- Require bidders for government work to reveal donations made to lawmakers who may have had a role in crafting legislation for government programs or work they seek.
- Require state lawmakers to reveal lobbyists who have contacted them or advised on a bill that lawmaker may sponsor or support, and donations received from that lobbyist. Post that information on the lawmaker's state website.
Clean Water & Energy
- Restrict fracking to protect sources of drinking water and farmlands that might be contaminated by the process.
- Provide incentives for greater use of solar energy.
Restoring Beach Access
- Rescind the beach access law passed by legislators in 2018 that restricts access to taxpayer maintained Florida beaches and enables beachfront landowners to fence and cordon off portions of the beach previously available for use by all citizens.
Women's & Children's Health Issues
- Rescind state funding for the "fake" women's health clinics that restrict information for all options for an unwanted pregnancy.
- Remove state laws that interfere with a woman's right to decide on health care decisions.
- Provide access to affordable dental and health care for all children.
Florida Desperately Needs Commonsense Gun Law
If our elected officials are really sincere about addressing the gun violence plaguing North Florida and our nation, there ARE commonsense alternatives to the pat answer Trump offered recently: Put armed guards in every church, every public venue, every school and everyone pack a pistol.
Clearly, laws are needed NOW to thwart future blood baths inflicted with guns.
A good starting point would involve those things Democrats, Republicans—and gun owners—agree on, as revealed in surveys from the non-partisan Pew Research Center. Perhaps those Florida lawmakers who have lacked political spine to act more forcefully will be moved by the Pew polls showing partisan support for the following.
- A data base to track gun sales (GOP 58%; Dems 88%)
- Background checks for private sales and at gun shows (GOP 79%; Dems 91%)
- Banning high capacity magazines (GOP 51%; Dems 81%)
- Banning assault-style weapons (GOP 50%; Dems 81%)
- Banning gun purchases by people on federal no-fly or watch lists (GOP 83; Dems 86%)
- Preventing people with mental illnesses from purchasing guns (GOP 89%; Dems 89%)
Structuring those laws, along with stronger enforcement of existing regulations, could lead to discussion of additional regulations, licensing and taxation.
Like most Americans, I don’t want to take away anyone’s gun used for self-defense, hunting or target practice. Our system leaves much up to the states, but unfortunately the Florida legislature has tragically failed to embrace key elements of model laws and “no-brainer” measures successfully used in other states. Gifford Law Center details states with relevant laws, key elements, and model laws.
Florida’s gun laws are a disgrace--hazardous to public health and safety. For example, in Florida it is not illegal to buy a gun for someone who cannot legally purchase one otherwise. And Florida holds the dubious distinction as the only state where it isn’t illegal to lie about a criminal record to get a gun.
What should be of great concern to all Floridians are press reports that show staggering growth in our state of “gun manufacturers,” with Florida now second only to Texas. Between 2009 and 2016, Florida’s firearm manufacturing licenses quadrupled to 691, according to the Bureau of Alcohol, Tobacco Firearms and Explosives.
Other statistics indicate Florida has a serious gun trafficking problem, but our state has in place only two of the “Ten Key State Laws That Curb Illegal Gun Trafficking.” Trace the Gun shows only two states had a higher “percentage of guns recovered in a crime within two years of original sale — a strong indicator of gun trafficking.”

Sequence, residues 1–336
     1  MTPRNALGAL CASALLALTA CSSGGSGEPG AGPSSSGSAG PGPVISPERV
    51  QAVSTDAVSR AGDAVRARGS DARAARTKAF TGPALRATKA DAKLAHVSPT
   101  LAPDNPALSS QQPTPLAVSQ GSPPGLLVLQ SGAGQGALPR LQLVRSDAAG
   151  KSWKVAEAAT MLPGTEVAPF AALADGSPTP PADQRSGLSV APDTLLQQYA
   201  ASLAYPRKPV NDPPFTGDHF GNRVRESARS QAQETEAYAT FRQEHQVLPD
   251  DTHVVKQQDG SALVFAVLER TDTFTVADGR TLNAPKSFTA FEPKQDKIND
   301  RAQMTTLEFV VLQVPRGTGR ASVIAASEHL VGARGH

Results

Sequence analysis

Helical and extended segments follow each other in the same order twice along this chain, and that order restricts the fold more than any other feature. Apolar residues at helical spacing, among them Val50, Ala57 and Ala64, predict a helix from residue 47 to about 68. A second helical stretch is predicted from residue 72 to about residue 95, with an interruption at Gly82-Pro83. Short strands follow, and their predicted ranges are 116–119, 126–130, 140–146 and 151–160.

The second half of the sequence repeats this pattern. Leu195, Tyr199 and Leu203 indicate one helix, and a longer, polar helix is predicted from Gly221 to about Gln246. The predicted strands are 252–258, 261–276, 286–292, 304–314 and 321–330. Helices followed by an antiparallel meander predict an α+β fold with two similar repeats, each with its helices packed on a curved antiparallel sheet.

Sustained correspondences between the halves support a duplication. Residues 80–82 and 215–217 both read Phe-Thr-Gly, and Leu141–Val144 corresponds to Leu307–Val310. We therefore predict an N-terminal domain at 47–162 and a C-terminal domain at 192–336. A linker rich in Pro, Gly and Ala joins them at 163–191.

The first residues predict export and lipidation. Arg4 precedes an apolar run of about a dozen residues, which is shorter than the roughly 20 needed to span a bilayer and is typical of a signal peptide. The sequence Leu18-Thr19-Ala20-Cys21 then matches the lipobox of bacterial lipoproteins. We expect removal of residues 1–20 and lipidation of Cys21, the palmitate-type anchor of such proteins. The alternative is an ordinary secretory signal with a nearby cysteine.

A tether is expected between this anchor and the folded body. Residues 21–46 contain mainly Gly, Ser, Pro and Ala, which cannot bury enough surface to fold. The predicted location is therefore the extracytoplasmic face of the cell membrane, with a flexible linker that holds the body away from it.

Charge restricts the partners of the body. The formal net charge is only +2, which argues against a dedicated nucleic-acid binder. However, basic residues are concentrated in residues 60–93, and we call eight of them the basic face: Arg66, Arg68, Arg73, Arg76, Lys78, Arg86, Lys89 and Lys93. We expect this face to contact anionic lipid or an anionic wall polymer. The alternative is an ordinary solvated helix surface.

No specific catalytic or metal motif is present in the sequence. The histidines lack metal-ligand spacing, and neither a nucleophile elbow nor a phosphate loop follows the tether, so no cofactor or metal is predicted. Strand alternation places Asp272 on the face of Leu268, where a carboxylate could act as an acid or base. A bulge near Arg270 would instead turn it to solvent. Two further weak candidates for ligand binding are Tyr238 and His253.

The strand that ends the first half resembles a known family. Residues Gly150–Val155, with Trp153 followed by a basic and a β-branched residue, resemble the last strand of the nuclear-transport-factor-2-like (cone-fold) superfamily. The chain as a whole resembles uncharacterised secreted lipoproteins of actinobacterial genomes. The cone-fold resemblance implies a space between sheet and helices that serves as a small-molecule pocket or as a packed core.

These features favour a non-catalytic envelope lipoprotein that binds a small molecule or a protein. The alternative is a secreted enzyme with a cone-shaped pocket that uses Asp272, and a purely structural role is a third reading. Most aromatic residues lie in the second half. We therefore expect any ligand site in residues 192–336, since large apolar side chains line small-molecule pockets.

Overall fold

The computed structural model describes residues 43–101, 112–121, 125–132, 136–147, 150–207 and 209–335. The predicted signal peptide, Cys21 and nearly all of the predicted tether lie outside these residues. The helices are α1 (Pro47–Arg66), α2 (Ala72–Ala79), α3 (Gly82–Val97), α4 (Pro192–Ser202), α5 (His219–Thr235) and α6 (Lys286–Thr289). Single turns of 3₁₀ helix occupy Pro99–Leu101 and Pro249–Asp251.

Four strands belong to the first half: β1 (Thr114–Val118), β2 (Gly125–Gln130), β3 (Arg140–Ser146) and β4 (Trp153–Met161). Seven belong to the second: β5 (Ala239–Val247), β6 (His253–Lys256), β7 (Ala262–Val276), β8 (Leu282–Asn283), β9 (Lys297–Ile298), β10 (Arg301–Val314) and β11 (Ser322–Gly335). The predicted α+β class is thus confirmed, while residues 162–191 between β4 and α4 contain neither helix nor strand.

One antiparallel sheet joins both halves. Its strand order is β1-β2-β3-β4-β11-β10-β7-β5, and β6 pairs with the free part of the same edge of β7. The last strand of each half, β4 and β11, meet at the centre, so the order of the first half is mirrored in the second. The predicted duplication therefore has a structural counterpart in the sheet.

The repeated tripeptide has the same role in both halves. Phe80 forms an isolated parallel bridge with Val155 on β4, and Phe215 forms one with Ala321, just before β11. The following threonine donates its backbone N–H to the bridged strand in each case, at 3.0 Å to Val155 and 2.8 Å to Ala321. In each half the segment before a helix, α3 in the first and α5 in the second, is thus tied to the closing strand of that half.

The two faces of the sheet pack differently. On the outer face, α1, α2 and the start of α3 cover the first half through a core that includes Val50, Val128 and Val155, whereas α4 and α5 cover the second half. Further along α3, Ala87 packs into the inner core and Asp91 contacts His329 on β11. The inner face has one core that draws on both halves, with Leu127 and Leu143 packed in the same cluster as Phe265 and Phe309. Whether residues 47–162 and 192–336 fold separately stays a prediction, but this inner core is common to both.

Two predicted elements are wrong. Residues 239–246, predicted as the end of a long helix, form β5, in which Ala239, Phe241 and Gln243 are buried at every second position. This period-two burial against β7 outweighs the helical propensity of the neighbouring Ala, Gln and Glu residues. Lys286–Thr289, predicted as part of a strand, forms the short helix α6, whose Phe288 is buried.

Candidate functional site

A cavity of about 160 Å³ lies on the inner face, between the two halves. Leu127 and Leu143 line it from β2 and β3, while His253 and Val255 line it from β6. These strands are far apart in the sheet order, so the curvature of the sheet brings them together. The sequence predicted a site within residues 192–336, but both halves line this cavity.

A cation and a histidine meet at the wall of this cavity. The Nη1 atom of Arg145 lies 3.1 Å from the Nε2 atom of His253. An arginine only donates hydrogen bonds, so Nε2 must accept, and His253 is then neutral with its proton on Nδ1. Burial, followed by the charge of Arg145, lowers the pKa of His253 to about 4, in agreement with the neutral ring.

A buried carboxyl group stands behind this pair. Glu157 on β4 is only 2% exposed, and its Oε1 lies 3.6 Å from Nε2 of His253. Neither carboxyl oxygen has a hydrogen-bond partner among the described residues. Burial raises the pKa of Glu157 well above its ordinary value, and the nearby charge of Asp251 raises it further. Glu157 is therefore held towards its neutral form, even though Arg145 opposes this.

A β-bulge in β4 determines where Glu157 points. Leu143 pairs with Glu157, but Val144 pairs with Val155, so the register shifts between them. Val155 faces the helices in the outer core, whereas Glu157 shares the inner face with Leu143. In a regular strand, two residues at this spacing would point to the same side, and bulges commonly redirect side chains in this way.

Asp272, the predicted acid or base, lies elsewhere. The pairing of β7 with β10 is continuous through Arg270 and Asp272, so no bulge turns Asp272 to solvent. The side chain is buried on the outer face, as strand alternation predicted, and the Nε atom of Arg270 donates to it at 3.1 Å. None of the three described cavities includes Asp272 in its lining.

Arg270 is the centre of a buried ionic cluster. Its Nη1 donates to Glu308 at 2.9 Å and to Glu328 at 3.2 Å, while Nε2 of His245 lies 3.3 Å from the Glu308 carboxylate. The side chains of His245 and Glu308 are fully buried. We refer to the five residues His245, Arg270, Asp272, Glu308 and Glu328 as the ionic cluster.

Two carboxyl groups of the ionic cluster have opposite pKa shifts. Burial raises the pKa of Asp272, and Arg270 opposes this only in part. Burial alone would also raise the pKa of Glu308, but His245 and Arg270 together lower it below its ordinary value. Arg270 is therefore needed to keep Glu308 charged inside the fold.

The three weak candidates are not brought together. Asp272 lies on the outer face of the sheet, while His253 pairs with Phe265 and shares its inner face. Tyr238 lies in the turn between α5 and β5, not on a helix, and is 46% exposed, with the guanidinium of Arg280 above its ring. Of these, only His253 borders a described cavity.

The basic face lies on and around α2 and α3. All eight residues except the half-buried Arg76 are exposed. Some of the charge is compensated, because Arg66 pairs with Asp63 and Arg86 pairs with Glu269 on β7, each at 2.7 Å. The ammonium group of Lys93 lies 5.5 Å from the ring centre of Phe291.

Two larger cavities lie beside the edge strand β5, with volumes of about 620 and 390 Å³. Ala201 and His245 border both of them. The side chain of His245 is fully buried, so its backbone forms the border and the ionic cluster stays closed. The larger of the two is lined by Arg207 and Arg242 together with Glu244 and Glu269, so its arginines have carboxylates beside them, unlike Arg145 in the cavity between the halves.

Florida lawmakers must act NOW to thwart more gun horror as we have seen in Charleston (2015), Pulse (2016), Las Vegas (2017), Parkland (February 2018), the Jacksonville Landing (only weeks ago) and now Pittsburgh (October 2018).
My opponent, Aaron Bean has a record of being against all gun laws. Though he’s been a Tallahassee lawmaker for nearly two decades during which time there have been hundreds of lives lost to mass murderers, and thousands more to gun crimes, suicide and domestic violence, he lacks either the will, spine and or imagination or all three to support reforms with teeth.
When Parkland massacre student survivors asked him about his stance on deadly assault rifles, he paused, then said, “It’s a headscratcher,” and quickly exited his Tallahassee office. (When I noted on social media a YouTube news video of this encounter, it disappeared within minutes of the post. A snippet is in the movie, Fahrenheit 11/9.)
As your State Senator, I will take the issue of gun safety and gun reform head on. Among the proposals I will push:
- Regulate ammunition, especially the hollow point bullets designed to maximize damage to human targets.
- Outlaw armor-piercing bullets.
- Tax bullets—with heavier taxes on hollow points
As one expert on Child Welfare and Family Violence explained, At a certain cost, fewer bullets will be purchased and the cost of stockpiling ammunition will become onerous. [R]aising the cost of bullets does not directly infringe on the Second Amendment of the U.S. Constitution … The population will still have the right to “bear arms” It is just going to be much more expensive to load the weapons.
- Establish a data bank to track purchasers of bullets and quantities purchased, similar to laws that track certain prescription drugs.
- Allow gun ranges to sell tax-free ammo for use on premises;
- Legislation requiring lawmakers to recuse themselves from voting on gun legislation if they receive donations from gun lobbyists, gun manufacturers, and related interests.
- Revise Florida’s Stand Your Ground law, which is widely criticized as “a license to kill." The data shows a sharp increase in justifiable homicides occurred after 2005, when Florida and 16 other states passed Stand Your Ground laws
- Allocate revenues from gun licensing fees and ammunition taxes to public school safety.
Other proposals I would explore include:
- Applying to guns those regulations, registration and licensing requirements required for potentially deadly chemicals, explosives, and prescription drugs.
- Requiring liability insurance for guns as is required for automobiles, with a percentage of the insurance costs designated for public school security.
- Requiring of gun owners licensing, registration and testing similar to what is required for a license to operate a potentially deadly motor vehicle.